'Seven Pyschopaths,' a much overlooked film classic, opened in movie theaters in 2012, and has been one of my all-time favorite murder mysteries ever since - right up there, with the finest, such as 'Memento' and 'The Usual Suspects.'  Not so much for it's black humor - although it's some of the finest I've seen since 'Clockwork Orange,' but moreso for Martin McDonagh's ingenious literary ability to weave what at first blush seems like a rambling, shaggy dog narrative - but in actuality is an extremely tightly-woven tale.

And he accomplishes this like a crafty prestidigitator, with slight of hand that creeps up on you -- making you wonder -- "how in the hell did he do that?"

Well, it's the oldest trick in the magician's handbook - it's called: "keep  them distracted until you're ready to show them the final reveal!" While making you focus on what initially appears to be a linear plot line, highlighted by the theft of a lovable shih tzu dog named "Bonny," he's able to concoct seven other story arcs in tandem. All seemingly meandering off in different directions, they are clumsily guided by the alchohol-induced wits of Colin Farrell's character, a would-be screenwriter and his two trusty-yet-over-the-top psychopaths, played by Sam Rockwell and Christopher Walken.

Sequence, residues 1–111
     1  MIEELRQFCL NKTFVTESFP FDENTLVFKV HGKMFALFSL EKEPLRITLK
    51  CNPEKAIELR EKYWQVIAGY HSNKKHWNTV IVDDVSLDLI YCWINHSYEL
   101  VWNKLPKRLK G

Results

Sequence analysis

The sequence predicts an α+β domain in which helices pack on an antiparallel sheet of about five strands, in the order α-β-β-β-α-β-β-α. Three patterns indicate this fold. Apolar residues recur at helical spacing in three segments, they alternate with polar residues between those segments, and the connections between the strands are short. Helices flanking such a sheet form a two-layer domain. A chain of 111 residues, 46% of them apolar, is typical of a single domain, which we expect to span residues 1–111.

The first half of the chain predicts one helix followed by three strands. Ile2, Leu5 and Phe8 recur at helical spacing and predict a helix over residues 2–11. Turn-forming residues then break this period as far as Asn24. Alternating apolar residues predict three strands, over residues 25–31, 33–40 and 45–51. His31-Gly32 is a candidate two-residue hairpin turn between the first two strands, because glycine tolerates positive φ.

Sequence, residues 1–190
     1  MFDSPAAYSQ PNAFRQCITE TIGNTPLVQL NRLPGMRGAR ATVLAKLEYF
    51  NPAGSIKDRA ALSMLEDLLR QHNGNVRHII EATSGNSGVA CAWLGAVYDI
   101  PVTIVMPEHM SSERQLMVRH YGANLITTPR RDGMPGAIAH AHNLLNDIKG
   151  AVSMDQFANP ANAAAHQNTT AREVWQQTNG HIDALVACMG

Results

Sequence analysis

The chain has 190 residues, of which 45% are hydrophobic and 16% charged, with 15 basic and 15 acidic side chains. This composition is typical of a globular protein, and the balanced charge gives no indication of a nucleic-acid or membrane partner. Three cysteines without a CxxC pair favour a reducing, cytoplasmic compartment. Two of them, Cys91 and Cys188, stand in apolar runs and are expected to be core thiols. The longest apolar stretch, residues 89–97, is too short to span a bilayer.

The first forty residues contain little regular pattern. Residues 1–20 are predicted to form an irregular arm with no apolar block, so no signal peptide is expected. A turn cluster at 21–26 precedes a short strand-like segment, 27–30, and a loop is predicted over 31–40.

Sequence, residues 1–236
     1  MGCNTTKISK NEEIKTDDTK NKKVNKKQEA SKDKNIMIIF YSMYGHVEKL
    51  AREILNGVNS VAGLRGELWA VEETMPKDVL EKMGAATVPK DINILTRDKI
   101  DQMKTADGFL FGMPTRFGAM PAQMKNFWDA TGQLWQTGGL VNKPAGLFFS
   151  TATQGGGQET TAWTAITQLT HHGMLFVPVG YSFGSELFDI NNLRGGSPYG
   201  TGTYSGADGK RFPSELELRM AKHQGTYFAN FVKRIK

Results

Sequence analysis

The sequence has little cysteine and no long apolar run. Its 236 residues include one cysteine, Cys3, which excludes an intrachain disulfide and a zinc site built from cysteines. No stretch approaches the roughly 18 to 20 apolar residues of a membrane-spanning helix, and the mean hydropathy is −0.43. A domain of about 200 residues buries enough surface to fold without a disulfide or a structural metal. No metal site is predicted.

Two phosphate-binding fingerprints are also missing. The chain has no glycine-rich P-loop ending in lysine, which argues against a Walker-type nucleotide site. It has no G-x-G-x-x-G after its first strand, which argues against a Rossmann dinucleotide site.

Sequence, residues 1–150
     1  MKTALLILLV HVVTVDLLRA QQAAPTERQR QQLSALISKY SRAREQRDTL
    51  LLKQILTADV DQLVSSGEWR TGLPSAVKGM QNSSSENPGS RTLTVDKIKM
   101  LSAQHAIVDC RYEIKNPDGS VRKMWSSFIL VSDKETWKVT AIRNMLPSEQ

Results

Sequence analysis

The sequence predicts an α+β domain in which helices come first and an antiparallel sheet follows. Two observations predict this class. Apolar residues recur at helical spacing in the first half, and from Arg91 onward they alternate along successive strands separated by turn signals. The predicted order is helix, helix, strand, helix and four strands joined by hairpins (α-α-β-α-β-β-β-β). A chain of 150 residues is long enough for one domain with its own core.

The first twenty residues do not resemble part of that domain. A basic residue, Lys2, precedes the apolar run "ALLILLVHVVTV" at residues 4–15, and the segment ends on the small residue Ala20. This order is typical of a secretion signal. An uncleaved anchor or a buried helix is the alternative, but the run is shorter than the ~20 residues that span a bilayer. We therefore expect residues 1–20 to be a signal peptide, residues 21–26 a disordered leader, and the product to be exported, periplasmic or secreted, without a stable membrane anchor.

Using a Luigi Pirandello dramatic technique, McDonagh's turns the plot structure of the Sicilian playwright's "Six Characters in Search of an Author" -- on its head. Instead of having his characters seek out an author, McDonagh's author seeks out the characters. Under the guise of Marty the screenwriter, McDonagh actually enters his own film in search of seven psychopaths who he wants to integrate into his next movie script!

And if that wasn't enough of a twist, Marty tells Hans (Christopher Walken's character) that he's not interested in producing just another 'blood & gore' thriller - he wants to skewer some "Hollywood movie" clichés - by giving his characters a sense of humanity - whether they like it or not.

A tough goal for psychopaths (albeit Showtime's Dexter), don't you think? Yet, that is the elegance of this shaggy dog story. By the end of the film, McDonagh has not only tied up all of the loose ends, he's provided us with insight as to how humanity can exist even on the dark side - even when one psychopath takes a stab at trying to prove Ghandi wrong...

From a mercy killing of a cancer patient, to the love of one of the movie's calmest and coolest characters - Bonny, the shih tzu, to a Buddhist monk torching himself in protest of the Vietnam War, to a hysterical tongue-and-cheek final shoot-out, these psychopaths commit heinous crimes hanging on to a thin thread of humanity, in spite of themselves.

And for those that question McDonagh's skilled craftmanship as a magician - he handles that critique squarely when he hits you over the head by pulling a rabbit out of a hat - literally! And, in so doing, he fractures yet another movie cliché as a nod to his audience that he's fully in control of the psychotic world he's created. Tom Waits gets his close-up as a bunny-loving nut job named Zachariah, who when he's not conducting murder sprees in a Bonnie & Clyde partnership that's gone awry - is comforting little white bunnies who seem to propagate right before our eyes.

Seven Psychopaths - a shaggy dog story? For sure. Does it present inhumanity and humanity as two sides to the same coin. Dead on!